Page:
Number 10: 24th September, 2001
2. Bristol and Slavery
Spartacus Educational publishes Teaching History Online every month. The newsletter will include news, reviews of websites and articles on using ICT in the history classroom. Members of the mailing list are invited to submit information for inclusion in future editions of Teaching History Online. In this way we hope to create a community of people involved in using the Internet to teach history.
Vietnam Stories: The website is designed as a gathering place for personal stories and a forum for opinions on the war. The 'Add Your Story' page enables visitors to add their stories, images, etc. to the vast databank of information on the war. 'The Stories' page contains excerpts of selected stories and is changed regularly. An excellent search engine enables the visitor to investigate all the narratives that have been submitted to Vietnam Stories. For example, a search for the term 'friendly fire' found and listed fifty-two stories.
Bristol and Slavery: An excellent website created by Andy Nash of Headley Park Primary School. The website includes sections on, Why were slaves needed? The Transatlantic Trade, The Outward Passage, The Middle Passage, Slave Auctions, Plantation Life, The Return Passage, Why African Slaves? Bristol v Liverpool, Royal African Company, Merchant Venturers, Edward Colson, John Pinney, The End of Slavery and Bristol Today.
The Emancipation of Women: 1750-1920: A comprehensive encyclopedia of how British women got the vote. Each entry contains a narrative, illustrations and primary sources. The text within each entry is hypertexted to other relevant pages in the encyclopedia. In this way it is possible to research individual people and events in great detail. The sources are also hypertexted so the student is able to find out about the writer, artist, newspaper, organization, etc., that produced the material. So far there are sections on: Women in the 19th Century (Schooling, Marriage, Industrial Work, Careers & Professions, University Education, Birth Control), Pressure Groups, Strategy and Tactics and Parliamentary Reform Acts.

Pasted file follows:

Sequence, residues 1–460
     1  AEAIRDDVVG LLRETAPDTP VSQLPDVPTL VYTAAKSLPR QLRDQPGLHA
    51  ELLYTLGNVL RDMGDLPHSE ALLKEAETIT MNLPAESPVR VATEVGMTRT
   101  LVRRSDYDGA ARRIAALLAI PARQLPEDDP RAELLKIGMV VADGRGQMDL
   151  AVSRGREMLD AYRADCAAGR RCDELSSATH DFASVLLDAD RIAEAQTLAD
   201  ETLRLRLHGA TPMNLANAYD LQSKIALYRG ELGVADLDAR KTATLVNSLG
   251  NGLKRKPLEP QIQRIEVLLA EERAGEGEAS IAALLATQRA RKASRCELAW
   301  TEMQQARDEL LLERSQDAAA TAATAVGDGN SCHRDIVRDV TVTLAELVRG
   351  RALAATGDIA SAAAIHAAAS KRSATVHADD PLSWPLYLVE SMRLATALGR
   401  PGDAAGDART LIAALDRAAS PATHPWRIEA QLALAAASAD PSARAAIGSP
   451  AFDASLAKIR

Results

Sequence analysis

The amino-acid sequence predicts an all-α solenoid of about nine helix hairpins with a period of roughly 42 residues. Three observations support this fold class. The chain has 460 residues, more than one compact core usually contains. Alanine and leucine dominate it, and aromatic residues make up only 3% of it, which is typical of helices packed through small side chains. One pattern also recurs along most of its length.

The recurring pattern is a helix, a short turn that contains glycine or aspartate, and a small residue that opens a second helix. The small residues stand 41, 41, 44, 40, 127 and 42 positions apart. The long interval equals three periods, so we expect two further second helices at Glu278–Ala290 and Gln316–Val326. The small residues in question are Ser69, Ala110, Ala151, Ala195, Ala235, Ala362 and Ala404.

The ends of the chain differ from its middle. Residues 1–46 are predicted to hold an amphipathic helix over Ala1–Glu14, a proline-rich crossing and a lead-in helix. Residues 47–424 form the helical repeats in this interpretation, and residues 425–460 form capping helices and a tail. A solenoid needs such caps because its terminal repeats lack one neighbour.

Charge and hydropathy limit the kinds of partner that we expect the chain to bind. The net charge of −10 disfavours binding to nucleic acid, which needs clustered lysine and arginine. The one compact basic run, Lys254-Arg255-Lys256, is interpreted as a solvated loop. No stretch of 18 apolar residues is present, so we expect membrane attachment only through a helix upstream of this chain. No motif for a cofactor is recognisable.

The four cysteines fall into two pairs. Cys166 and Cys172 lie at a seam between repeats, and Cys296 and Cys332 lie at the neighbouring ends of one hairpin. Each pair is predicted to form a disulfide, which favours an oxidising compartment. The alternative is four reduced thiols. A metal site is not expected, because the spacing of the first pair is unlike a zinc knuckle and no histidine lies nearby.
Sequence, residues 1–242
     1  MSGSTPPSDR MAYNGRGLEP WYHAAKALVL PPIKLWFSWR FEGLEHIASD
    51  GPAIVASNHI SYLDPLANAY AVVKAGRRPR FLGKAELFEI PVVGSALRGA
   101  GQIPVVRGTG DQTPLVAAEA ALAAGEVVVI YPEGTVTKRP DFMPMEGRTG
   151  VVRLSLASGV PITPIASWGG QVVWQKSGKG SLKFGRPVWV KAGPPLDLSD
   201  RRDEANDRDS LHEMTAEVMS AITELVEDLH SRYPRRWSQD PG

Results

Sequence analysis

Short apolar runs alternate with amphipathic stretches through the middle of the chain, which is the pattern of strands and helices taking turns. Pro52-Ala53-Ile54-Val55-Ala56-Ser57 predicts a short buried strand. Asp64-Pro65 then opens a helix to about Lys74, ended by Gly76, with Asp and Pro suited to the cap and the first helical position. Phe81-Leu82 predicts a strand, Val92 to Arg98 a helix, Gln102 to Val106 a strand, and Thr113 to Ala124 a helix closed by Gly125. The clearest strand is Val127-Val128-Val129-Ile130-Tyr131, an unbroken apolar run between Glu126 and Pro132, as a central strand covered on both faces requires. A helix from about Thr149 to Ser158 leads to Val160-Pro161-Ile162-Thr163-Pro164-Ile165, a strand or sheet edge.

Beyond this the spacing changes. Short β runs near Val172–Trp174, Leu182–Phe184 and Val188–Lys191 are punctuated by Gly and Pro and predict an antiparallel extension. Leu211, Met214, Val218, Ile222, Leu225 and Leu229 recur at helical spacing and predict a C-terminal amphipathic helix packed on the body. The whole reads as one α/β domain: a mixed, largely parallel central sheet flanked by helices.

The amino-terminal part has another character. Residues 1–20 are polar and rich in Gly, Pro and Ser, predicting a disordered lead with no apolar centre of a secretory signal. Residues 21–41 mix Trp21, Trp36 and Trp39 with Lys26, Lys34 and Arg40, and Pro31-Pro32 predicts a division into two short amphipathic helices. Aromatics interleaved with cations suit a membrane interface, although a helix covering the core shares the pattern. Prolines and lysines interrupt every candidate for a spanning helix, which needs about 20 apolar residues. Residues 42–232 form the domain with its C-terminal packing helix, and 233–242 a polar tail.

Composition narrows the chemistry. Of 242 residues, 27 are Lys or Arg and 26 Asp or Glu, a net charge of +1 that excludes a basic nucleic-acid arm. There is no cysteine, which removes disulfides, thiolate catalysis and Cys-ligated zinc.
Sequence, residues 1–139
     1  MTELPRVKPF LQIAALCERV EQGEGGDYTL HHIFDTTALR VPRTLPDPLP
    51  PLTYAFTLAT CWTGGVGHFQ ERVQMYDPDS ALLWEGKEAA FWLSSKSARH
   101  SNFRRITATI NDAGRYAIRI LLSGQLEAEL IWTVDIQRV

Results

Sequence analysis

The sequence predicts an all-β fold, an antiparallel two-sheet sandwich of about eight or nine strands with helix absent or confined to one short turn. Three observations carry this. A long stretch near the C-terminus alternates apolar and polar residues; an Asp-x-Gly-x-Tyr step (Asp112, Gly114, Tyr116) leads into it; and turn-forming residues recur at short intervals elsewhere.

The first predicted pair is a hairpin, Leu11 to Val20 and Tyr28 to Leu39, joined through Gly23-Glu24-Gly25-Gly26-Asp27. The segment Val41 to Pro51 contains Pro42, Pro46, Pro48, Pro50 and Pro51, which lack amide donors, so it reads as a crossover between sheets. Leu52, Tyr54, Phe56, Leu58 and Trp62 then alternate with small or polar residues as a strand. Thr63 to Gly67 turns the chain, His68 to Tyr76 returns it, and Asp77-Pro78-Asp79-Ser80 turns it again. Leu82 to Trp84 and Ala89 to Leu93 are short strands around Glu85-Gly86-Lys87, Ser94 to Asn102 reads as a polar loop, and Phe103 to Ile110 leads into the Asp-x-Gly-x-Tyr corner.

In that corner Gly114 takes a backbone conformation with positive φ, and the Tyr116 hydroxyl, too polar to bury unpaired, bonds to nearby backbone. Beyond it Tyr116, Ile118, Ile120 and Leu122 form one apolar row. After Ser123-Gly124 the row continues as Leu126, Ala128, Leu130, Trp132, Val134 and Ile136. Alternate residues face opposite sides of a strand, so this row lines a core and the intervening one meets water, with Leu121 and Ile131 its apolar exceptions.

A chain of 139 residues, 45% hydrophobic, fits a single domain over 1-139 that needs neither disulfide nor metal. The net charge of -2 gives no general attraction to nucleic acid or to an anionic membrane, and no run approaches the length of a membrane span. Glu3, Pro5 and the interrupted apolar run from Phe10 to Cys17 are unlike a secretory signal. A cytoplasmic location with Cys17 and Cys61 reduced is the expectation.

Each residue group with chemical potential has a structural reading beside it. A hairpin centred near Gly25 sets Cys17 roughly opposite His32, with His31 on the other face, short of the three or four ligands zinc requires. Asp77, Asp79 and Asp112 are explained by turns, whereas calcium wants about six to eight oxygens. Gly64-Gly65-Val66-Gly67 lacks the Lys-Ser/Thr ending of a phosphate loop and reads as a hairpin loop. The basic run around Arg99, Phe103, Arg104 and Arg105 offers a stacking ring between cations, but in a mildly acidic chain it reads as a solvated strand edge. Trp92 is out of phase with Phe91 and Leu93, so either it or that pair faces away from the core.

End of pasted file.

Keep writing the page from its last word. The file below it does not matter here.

The Monarchs of England: This is one of the excellent websites produced by Rod Hampton and Seth Fox of Britannia. The site contains biographies and portraits of the sixty-nine kings and queens who have ruled England since 829. There is also a detailed account of Oliver Cromwell's period in power. The kings and queens are listed in the order of accession and this appears by the side of a two-page overview of the British monarchy. There are usually two or three pages of information on each of the monarchs. Relevant links with other websites appear next to the biographies. A beautifully designed and easy to use website.
The Secrets of the Norman Invasion: Nick Austin's website is a fascinating example of how one person's research can contribute to the educational understanding of a whole community. What started as a personal investigation into where the Normans landed in 1066, has turned into a rich resource for all students of the period. The website contains eleven sections of the Bayeux Tapestry. Each one is accompanied by a detailed commentary of the events shown in the section. Nick Austin also provides several Domesday Maps that relate to the area where the Normans landed in 1066.
World War II Resources: A directory of primary source materials on all aspects of the Second World War. It includes Peace and War, United States Foreign Policy 1931-1941, a 421 page chronology with citations to original source documents on the web. Other collections include the British War Blue Book, Diplomatic Documents (papers relative to the events and negotiations which preceded the opening of hostilities), Nazi-Soviet Relations (documents from the archives of the German Foreign Office) and the Pearl Harbor Attack Hearings.
Teaching History Online: If you are a subscriber to Teaching History Online you are invited to submit descriptions (about 120 words) of history websites that you like or have been involved in producing. You might be interested to know that the newsletter now has over 14,000 subscribers.
Education on the Internet: On 8th October Spartacus Educational will begin publishing Education on the Internet. As well as providing information about teaching history on the Internet it will also include news on other subjects in the school and college curriculum. We will automatically send all subscribers of Teaching History Online the first copy of Education on the Internet. If however, you do not want to receive this newsletter please use the unsubscribe facility provided by keepAhead.